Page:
○ Chinese seniors are eager to benefit from China's fast-growing mobile technology
○ NGOs hope to empower elderly smartphone users ahead of China's aging society
Mobile payment apps might be China's latest greatest invention among young smartphone-savvy urbanites, but for many older generations of Chinese, such newfangled technology only serves to make their lives more confusing.
A 66-year-old resident surnamed Wang from Taiyuan, North China's Shanxi Province, shared with the Global Times her horrible experience trying to use WeChat Pay for the first time for a taxi ride.
The senior woman had mistyped the 13.80 yuan (.17) fare as 1,380 yuan, forgetting to put in the decimal point. The taxi driver did not inform her of her mistake, and Wang was not alerted to it until one of her adult children checked her account, hours later.
Wang then tried to contact WeChat's customer service hotline to track down the taxi driver, only to be told that WeChat does not provide account information about other users due to privacy issues.
The expensive mistake, which has not been rectified, served to remind Wang that modern technology and "unreliable services" like mobile payment apps have no place in her life. For many young Chinese adults and even students, mobile phone apps have become a point of pride in the nation's technological advancement. Services such as WeChat Pay and Alipay have indelibly made daily life easier and faster.
But among the older generations of Chinese citizens, who grew up in the pre-digital era, where paper currency, paper ticketing and face-to-face service were a way of life, many feel sidelined by the rapid technological advancements.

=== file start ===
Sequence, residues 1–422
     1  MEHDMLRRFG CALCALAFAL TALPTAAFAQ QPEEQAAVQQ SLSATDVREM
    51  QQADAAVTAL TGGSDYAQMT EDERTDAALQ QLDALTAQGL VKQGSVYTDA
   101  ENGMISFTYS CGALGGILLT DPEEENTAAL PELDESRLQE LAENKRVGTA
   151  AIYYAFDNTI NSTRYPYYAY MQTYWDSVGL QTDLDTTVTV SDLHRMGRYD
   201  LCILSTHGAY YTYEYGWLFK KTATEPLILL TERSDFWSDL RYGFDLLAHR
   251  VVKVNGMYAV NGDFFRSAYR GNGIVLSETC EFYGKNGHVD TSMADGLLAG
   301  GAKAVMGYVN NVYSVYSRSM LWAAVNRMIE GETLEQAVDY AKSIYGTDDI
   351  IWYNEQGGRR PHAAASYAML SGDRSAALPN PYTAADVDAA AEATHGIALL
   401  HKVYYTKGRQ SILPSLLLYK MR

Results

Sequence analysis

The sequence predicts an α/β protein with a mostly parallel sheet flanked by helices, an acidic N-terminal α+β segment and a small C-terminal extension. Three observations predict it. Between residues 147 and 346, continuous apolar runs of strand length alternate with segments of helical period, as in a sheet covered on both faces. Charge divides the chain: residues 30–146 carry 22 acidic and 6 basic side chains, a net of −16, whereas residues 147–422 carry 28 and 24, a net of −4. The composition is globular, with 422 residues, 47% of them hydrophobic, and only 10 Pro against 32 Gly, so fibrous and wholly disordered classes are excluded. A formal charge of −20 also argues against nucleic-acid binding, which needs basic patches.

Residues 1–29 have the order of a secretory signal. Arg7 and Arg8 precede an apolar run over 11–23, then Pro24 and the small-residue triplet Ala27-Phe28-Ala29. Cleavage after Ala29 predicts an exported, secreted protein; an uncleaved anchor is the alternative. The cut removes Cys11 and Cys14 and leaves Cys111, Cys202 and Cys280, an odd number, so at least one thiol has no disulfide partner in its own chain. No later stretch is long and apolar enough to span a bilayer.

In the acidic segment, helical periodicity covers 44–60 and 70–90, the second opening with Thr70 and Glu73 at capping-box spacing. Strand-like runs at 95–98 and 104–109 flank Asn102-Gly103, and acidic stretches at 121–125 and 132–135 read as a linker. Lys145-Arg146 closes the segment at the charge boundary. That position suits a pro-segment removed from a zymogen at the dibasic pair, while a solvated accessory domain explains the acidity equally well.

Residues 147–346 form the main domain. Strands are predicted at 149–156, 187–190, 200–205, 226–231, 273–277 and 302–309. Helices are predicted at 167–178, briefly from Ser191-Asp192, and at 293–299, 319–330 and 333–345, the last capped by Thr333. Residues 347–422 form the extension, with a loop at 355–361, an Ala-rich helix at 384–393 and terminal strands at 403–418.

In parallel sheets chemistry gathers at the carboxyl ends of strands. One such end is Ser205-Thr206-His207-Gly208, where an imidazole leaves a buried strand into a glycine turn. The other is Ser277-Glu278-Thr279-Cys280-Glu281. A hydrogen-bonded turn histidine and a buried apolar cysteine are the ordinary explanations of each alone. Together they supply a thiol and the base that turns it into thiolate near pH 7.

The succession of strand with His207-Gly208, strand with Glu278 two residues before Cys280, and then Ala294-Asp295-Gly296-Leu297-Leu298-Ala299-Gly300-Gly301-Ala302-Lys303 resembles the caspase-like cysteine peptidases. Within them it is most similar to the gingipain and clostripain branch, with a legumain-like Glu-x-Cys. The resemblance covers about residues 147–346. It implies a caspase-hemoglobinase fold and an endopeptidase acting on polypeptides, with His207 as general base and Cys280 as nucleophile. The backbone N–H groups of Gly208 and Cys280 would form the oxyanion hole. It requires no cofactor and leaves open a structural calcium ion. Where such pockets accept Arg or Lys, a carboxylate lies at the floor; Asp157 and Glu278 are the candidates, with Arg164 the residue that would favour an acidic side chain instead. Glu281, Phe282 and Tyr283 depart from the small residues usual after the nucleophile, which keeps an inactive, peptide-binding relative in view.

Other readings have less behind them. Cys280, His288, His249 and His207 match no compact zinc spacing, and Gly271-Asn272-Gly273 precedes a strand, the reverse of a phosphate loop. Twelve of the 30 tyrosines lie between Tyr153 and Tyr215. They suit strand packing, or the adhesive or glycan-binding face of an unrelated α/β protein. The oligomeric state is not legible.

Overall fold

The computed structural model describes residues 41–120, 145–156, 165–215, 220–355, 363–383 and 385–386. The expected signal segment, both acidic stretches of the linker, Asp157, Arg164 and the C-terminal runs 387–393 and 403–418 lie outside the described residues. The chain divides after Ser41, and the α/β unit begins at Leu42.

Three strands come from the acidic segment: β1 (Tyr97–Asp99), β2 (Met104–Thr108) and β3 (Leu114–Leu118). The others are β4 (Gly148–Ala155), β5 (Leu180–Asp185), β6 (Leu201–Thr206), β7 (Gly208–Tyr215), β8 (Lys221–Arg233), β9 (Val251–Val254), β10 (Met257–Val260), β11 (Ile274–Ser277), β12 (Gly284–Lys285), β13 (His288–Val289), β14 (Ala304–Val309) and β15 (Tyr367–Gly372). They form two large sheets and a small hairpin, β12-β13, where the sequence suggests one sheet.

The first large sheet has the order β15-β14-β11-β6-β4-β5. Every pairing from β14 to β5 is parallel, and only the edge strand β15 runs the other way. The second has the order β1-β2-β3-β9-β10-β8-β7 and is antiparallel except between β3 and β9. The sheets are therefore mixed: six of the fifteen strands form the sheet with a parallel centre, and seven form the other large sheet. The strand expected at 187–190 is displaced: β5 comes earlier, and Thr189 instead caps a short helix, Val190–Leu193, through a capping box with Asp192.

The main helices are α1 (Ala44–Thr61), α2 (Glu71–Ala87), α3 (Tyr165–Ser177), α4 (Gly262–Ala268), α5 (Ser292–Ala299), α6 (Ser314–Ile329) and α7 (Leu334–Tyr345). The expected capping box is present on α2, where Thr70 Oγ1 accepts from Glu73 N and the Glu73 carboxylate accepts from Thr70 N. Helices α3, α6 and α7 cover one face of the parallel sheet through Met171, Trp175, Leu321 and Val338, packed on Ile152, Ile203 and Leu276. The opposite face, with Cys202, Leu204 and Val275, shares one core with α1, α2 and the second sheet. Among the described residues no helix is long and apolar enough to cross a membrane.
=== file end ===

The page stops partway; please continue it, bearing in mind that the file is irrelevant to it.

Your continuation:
"We are at just the right age to enjoy the conveniences brought by new technology, such as door-to-door delivery services. But I cannot handle all the complicated operations and features of online shopping," a 75-year-old resident of Beijing surnamed Bai told the Global Times.
"For people who grew up in the 1960s, we have made a lifelong contribution to our society, but now we feel abandoned by it. We look like foolish old guys who are always baffled by new gadgets," Bai added, staring enviously at the taxis passing her by. She knows that they are all reserved for young tech-savvy passengers wielding taxi-hailing apps and she has a slim chance of catching one from the side of the road.
Bai's statement begs the question many other Chinese seniors as well as tech companies and NGOs are now asking: Should a person who does not have a strong consumptive ability be eliminated by modern society?
In light of this concern, some NGOs in China have become an important force in calling for "equal rights and opportunities for everyone to benefit from mobile payments."
The SEE YOUNG Social Work Service Center, which aims to get China's elderly onto mobile services, is on a mission to help older generations harness technology quicker and safer.
A small group of tech-savvy young Chinese volunteers at SEE YOUNG regularly provide free computer training sessions and workshops for seniors about using mobile payment tools.
The volunteer students spend their spare time scattering into 200 communities throughout the country to help "drag" the older generation into the fast lane of computers, smartphones and digital devices.
In their wide spectrum of interactive sessions and one-on-one training courses given by the young mentors, the seniors are asked to use their own phones and devices.
"The elderly are particularly dependent on student volunteers. During summer breaks, they keep asking us when we will come back," SEE YOUNG coordinator Shi Qianqian told the Global Times. "That's why we are opening a new online channel that allows us to give instant responses to their pop-up questions."